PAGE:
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Bobo Lie, Part 1

Bobo Lie

In November 2020, my 95-year-old grandmother’s health condition dropped. After clearing with the necessary checks to confirm that it was not Covid, we admitted her to the hospital for about a week. Honestly speaking, her 4 sons, 4 daughters-in-laws, 12 grandchildren, and 9 great-grandchildren probably all had the same thought: Bobo Lie (that’s what we call her) is going to die soon. Her sons even gathered in the hospital room, hosting a masked service. Just in case.

Well, here we are in February 2021, celebrating Chinese New Year-Zoom family dinners and all. My father contracted the virus and got better (see my reflections on that), the nurse contracted the virus and got sent back to her village but through it all, Bobo Lie? Despite her dementia, she’s still alive and virus-free.

She is one tough lady.

She now lives with my uncle who takes excellent care of her. About five years ago, she was still staying with my parents. I was there practicing piano, as usual, preparing for a concert. I remember I was working on a Brahms Rhapsody. It was a particularly loud passage, so I couldn’t hear anything else. After the forte passage, I heard the household helper scream. My parents were not home, so the helper ran to my piano room in a panic. All she could say was “Bobo, Bobo, blood!” 

I stopped the Brahms and went to check inside Bobo’s room. Bobo was lying on the floor, surrounded by blood. She was conscious though and calmly asked me to help her.

“What happened?” I asked, trying to help her get up.

“The scissors,” she answered vaguely. I saw there was a pair of scissors in the pool of blood, and there was a huge gash on her hand. I knew that she did her sewing, so it was likely that she lost muscular control and somehow fell while cutting her hand very badly.

She is one generous lady.

Bobo is much too old to go anywhere now. Ten years ago she was still able to go to church every Sunday. At that time, her dementia was just beginning. She dressed up as usual, and put some money in her wallet for the offering. The church protocol was for an offering bag to be passed from person to person as people put their money gifts in the bag. Sometimes there would be different colored bags for different purposes/projects.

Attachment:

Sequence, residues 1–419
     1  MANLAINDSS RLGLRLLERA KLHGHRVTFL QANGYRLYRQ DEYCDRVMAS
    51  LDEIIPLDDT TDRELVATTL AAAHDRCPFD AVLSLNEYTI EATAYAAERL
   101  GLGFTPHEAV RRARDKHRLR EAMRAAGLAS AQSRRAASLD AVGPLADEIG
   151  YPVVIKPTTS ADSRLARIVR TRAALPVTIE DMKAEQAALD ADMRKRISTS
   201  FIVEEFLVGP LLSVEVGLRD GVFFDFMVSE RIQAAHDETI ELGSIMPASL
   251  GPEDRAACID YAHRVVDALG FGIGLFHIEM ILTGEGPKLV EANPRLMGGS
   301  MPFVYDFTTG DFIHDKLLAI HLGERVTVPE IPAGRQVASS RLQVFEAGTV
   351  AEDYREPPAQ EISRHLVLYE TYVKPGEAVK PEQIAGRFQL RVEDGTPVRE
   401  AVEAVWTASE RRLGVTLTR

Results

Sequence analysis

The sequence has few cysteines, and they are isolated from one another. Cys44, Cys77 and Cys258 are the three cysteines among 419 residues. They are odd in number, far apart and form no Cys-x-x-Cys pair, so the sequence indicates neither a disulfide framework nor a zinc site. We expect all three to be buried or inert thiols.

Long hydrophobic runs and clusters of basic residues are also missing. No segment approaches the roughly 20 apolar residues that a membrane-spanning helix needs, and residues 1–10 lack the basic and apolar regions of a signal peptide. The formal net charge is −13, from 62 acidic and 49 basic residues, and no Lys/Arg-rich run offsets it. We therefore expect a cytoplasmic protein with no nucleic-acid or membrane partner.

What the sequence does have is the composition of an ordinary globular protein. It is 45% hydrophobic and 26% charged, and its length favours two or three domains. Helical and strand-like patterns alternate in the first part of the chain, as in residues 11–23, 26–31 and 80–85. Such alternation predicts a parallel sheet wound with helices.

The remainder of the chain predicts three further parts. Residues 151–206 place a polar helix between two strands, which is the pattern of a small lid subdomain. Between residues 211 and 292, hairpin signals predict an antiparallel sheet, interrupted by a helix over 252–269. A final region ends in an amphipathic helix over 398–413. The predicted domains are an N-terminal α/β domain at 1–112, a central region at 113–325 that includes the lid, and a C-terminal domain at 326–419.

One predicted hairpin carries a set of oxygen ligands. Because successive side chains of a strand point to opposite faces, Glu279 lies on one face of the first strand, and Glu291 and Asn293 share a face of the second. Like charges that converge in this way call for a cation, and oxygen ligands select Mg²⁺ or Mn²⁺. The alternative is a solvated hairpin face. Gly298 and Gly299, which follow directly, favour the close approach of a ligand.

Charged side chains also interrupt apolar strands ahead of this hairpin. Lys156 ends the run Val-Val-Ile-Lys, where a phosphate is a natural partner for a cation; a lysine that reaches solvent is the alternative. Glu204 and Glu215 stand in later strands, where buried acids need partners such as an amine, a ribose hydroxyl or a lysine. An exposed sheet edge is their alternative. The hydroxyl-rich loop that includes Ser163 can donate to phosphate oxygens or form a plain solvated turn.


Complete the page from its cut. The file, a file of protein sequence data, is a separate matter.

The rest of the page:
When the bag reached her, she took out her wallet. There was the money she had prepared: a twenty thousand rupiah bill (equivalent to 15 USD), and spare change in the form of a one hundred rupiah coin (equivalent to 0,01 US cent). I suppose she originally meant to give the bill. However, she reached for the coin instead and dropped it proudly in the offering bag. Reactions from surrounding people included laughter and embarrassment. Perhaps in her mind, she was back half a century ago before the devaluation of the Indonesian currency. Back to a time when coins were still valuable while that particular bill had not even existed yet.

She is one beautiful lady.

When I was a child, my parents often took me to visit Surabaya in East Java. Bobo Lie lived in Surabaya until she was seventy. Then she moved to Bandung (West Java), where three of her four sons lived.

She introduced me to this amazing thing called nail polish. Her nails were always shiny with bright colors. She taught me how to cut my nails properly, how to patiently polish them, and also how to remove the polish when I got bored of the color. Bobo had a large collection of different brands and shades of nail polish. Manicure was an art form for her.

Sadly, I don’t keep up with proper care of my nails. I wonder what she would say now, if only she still recognized who I am.

Continued to Bobo Lie, Part 2.

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